Highly Reactive Beryllium and Bismuth Complexes: Structure Analysis, Chemical Bonding, and Redox Chemistry

Walley, Jacob, Chemistry - Graduate School of Arts and Sciences, University of Virginia
Gilliard, Robert, Chemistry

The field of catalysis is dominated by transition metals. In industry, these metals are often used as catalysts for the transformation of simple small molecules into value-added commodities. Many of these catalytic systems feature expensive and geologically scarce precious metals such as platinum, palladium, rhodium, and iridium. Therefore, there is a growing synthetic effort to develop the chemistry of geologically abundant and inexpensive main-group elements. Such well-defined processes are difficult to many main-group elements, thus mimicking the reactivity of transition metals is an enormous synthetic challenge. Access to d-orbitals allows for multiple coordination sites and variable redox states for transition metals, while main-group elements are limited to s- and p-orbitals. Therefore, it is important to study fundamental reaction pathways for main-group elements to discover chemistry that both mimics and diverges those known for transition metals. Herein, beryllium and bismuth chemistry is studied through the scope of neutral carbene and carbone ligands. This research uses a neutral carbon-based ligand (i.e., carbenes and carbones) scaffolding as an approach to develop new bonding modes, oxidation states, and reactivity for main-group elements.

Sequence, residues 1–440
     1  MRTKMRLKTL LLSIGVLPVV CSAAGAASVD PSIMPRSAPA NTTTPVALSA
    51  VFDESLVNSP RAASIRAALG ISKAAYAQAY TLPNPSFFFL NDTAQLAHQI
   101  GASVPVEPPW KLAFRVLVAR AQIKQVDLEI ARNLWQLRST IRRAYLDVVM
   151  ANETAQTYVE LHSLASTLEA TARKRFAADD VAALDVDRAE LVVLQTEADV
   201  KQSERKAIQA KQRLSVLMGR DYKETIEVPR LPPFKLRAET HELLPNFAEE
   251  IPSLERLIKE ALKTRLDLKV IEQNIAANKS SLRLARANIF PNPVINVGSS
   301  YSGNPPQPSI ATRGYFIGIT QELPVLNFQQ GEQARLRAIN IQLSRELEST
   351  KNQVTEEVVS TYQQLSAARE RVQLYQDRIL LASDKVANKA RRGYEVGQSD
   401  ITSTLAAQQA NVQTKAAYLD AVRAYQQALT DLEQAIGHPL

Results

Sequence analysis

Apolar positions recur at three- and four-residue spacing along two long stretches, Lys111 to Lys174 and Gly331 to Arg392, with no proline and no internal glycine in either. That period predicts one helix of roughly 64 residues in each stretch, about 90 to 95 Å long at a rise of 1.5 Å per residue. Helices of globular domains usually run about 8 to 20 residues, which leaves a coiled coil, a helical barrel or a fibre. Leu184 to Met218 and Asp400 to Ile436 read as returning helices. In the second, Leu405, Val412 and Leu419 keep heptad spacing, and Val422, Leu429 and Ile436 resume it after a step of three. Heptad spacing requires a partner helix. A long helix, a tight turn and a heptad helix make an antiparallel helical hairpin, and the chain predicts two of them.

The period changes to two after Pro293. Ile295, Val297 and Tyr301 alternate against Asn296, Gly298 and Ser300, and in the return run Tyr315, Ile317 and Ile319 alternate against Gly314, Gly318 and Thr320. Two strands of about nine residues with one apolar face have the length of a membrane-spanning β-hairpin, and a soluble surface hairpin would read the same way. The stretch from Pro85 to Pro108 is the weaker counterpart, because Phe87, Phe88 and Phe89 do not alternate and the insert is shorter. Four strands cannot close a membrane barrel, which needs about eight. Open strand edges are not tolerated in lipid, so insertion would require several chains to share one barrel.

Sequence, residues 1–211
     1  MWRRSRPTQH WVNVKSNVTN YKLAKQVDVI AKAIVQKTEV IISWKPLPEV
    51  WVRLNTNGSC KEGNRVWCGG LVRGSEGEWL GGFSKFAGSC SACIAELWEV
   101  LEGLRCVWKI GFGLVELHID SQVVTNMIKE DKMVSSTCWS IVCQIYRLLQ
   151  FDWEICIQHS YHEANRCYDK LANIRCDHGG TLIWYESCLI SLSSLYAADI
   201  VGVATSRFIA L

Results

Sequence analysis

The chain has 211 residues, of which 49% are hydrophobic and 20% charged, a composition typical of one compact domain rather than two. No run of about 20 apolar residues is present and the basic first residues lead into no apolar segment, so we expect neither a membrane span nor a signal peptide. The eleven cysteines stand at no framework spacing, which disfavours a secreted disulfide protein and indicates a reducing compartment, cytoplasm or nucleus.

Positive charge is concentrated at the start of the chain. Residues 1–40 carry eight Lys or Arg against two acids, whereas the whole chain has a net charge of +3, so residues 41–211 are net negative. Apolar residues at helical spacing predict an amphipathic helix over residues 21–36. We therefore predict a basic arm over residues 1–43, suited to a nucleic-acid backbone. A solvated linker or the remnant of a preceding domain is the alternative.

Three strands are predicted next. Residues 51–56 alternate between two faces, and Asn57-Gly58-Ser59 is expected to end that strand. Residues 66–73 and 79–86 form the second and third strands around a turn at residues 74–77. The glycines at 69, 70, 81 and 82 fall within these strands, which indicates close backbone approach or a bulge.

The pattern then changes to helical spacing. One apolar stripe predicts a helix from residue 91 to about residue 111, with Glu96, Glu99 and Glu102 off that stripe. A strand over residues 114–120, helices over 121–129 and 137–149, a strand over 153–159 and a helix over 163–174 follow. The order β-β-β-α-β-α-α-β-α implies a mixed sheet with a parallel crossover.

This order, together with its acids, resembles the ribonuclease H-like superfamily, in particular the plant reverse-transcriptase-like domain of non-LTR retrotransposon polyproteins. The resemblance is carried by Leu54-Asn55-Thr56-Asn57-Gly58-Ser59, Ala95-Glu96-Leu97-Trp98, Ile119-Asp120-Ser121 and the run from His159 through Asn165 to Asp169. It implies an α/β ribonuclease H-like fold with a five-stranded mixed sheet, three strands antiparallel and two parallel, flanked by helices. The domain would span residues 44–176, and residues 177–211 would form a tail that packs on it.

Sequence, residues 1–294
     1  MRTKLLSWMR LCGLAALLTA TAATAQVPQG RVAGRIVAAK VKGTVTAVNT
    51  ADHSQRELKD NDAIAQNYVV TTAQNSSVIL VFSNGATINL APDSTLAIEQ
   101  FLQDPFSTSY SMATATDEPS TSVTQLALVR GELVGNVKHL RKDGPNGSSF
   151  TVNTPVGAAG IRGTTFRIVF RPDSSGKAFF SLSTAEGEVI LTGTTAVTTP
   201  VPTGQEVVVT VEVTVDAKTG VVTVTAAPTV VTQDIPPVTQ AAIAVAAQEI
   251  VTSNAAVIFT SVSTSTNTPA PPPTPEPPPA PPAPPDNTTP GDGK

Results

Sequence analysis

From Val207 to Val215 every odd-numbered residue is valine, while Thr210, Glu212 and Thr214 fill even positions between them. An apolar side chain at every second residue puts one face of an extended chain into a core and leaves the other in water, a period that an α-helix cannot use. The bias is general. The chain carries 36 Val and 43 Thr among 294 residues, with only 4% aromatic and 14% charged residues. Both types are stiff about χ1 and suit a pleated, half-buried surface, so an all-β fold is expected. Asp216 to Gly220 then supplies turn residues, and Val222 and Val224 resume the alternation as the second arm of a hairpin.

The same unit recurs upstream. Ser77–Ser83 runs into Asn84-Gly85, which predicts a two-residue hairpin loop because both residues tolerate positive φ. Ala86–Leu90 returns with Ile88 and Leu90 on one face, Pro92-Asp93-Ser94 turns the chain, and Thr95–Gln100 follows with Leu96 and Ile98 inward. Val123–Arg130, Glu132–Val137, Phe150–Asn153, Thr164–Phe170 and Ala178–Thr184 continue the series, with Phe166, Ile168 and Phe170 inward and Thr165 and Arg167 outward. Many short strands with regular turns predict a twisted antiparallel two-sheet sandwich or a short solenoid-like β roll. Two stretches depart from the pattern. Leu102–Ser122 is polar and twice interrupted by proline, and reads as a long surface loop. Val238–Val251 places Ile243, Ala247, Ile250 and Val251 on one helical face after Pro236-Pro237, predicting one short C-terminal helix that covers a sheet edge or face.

Beryllium, the lightest member of the alklaine earth series, is one of the least explored elements on the periodic table. This is, in part, due to the presumed toxicity of its complexes. Nevertheless, studying beryllium is important for developing a better understanding of periodic trends and synthetic strategies for the alkaline earth elements. Chapter 2 discusses the isolation and study of the first examples of carbodicarbene beryllium complexes. The isolation of these compounds led to the first example of a beryllium mediated C(sp3)–H activation event, which is promoted by either a base or a one-electron reducing agent. A new class of five-membered beryllacycles was also developed, and the coordination chemistry of carbenes led to the first example of a beryllacycle ring-expansion reaction mechanism. A series of carbene-beryllium complexes were also developed and is discussed in chapter 3. These include carbene-supported aryl- and alk-oxo beryllium complexes and doubly reduced carbene-beryllium(α-diamide) molecules.
The chemistry of bismuth has exhibited a remarkable transition-metal-like reactivity profile in recent years. For example, bismuth is capable of both Bi(III/V) and Bi(I/III) redox cycles. Chemists are also interested in bismuth cations for their applications in Lewis acid catalysis. In chapter 4, a new class of bismuth cations (bismaalkene cations) were developed by the complexation of carbodicarbene, followed by halide abstractions. These molecules were studied using X-ray crystallography, NMR spectroscopy, and DFT to investigate the bonding. In chapter 5, the first reactions of organometallic bismuth complexes with sodium 2-phosphaethynolate, the P-analogue of cyanate, were studied. In this study, carbene transfer and thermal reduction of the bismuth center (BiIII to BiII) was observed. The same reactivity profile was observed for analogous antimony complexes.

PHD (Doctor of Philosophy)
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